Do First Responders Have Liability For An Accident? 

We all appreciate the life-saving job that first responders do, and we recognize that they must be able to respond promptly to situations to save those lives. Nonetheless, there is no doubt that emergency vehicles racing through city streets endanger other drivers and pedestrians going about their business. First responders provide important services to all of us, but if you were involved in an accident involving a first responder, you might wonder if they are liable. A personal injury lawyer would be able to help answer your questions. 

First responders must be at the scene of an emergency quickly, as it might be a matter of life and death. Yet, emergency vehicles travel at high speeds through congested highways and streets, so there may be mishaps involving other vehicles, property, or pedestrians. Drivers or their parent firm or organization may be held liable in specific instances. 

Understanding Move-Over Laws 

Move Over laws safeguard workers performing vital roadway jobs by compelling motorists to take specified actions. In other words, these laws outline your responsibilities on the road. The laws require drivers to slow their speed and increase their distance from the car before them as soon as they detect flashing emergency lights. This improves visibility and the capacity to respond safely to whatever circumstance arises.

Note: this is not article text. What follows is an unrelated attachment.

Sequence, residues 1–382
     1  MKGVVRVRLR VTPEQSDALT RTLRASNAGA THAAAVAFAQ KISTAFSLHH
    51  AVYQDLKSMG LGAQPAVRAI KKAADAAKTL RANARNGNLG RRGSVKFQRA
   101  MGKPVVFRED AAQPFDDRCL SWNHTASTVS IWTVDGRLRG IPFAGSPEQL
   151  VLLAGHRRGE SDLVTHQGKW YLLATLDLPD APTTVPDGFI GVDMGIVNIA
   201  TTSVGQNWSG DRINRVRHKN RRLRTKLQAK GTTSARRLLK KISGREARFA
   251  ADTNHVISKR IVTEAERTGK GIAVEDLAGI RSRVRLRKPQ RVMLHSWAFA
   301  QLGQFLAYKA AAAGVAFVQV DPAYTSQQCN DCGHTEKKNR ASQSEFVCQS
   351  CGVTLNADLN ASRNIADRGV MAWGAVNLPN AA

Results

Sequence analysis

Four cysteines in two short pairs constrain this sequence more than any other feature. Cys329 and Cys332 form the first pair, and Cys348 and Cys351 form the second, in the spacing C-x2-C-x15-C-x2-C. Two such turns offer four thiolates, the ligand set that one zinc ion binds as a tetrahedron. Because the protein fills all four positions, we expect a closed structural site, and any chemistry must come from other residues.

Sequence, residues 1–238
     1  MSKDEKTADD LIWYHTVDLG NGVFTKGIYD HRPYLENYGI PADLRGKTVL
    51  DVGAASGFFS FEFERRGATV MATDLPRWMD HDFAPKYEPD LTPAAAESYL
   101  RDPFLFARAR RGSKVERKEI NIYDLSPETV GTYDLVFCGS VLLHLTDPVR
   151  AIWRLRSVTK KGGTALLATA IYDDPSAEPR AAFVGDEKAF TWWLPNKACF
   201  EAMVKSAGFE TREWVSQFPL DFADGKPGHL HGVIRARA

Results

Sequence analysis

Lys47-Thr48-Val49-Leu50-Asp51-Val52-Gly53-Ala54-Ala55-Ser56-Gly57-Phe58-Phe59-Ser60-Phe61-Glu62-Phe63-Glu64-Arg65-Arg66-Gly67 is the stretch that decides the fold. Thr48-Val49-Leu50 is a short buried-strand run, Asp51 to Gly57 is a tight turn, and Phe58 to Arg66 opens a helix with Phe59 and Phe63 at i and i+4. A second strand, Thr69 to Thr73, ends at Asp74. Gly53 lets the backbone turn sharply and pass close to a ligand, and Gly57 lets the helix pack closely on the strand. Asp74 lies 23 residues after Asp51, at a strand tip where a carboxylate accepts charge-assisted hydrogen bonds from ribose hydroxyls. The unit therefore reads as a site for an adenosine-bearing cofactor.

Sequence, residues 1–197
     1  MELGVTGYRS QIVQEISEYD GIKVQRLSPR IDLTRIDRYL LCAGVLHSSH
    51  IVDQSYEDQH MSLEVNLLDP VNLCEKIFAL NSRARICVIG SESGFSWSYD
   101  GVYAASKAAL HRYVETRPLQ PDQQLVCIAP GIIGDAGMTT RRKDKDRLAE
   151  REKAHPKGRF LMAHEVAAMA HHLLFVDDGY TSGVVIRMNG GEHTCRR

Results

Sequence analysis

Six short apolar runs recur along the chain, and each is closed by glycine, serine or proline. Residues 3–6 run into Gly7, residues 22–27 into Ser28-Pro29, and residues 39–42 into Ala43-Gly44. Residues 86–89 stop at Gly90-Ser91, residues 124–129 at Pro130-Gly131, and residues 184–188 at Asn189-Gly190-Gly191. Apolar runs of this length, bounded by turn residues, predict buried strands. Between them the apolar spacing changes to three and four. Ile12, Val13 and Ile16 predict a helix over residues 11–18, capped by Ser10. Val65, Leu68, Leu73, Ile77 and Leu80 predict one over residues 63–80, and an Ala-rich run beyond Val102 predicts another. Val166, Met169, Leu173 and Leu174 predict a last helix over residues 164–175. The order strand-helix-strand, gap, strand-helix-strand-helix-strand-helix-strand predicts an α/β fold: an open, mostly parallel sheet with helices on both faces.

If it is safe, shift lanes away from the emergency vehicle on multi-lane highways. This creates a safer environment for workers while allowing oncoming motorists to see the emergency vehicle more clearly. If changing lanes is unsafe, vehicles should slow down to at least ten mph below the stated speed limit, move as far back as feasible inside their lane, and proceed with caution. 

Emergency vehicle light statutes 

We all know that emergency vehicles can accelerate and run red lights, but when and how they can do so is governed by state law. The state laws vary from one state to another, but some states permit first responders to operate outside of traffic restrictions provided the following requirements are met: 

Emergency personnel may violate the posted speed limit or any other traffic law. In contrast, the police or law enforcement vehicle operates as an authorized emergency vehicle with its lights activated. This enables emergency responders to arrive at an emergency location quickly and potentially save lives. To avoid a car collision, they must do so with due regard for the safety of all traffic and motor vehicles on the road or highway. When a police car is responding to an emergency, an audible signal is not required because it may warn a suspect of their presence. 

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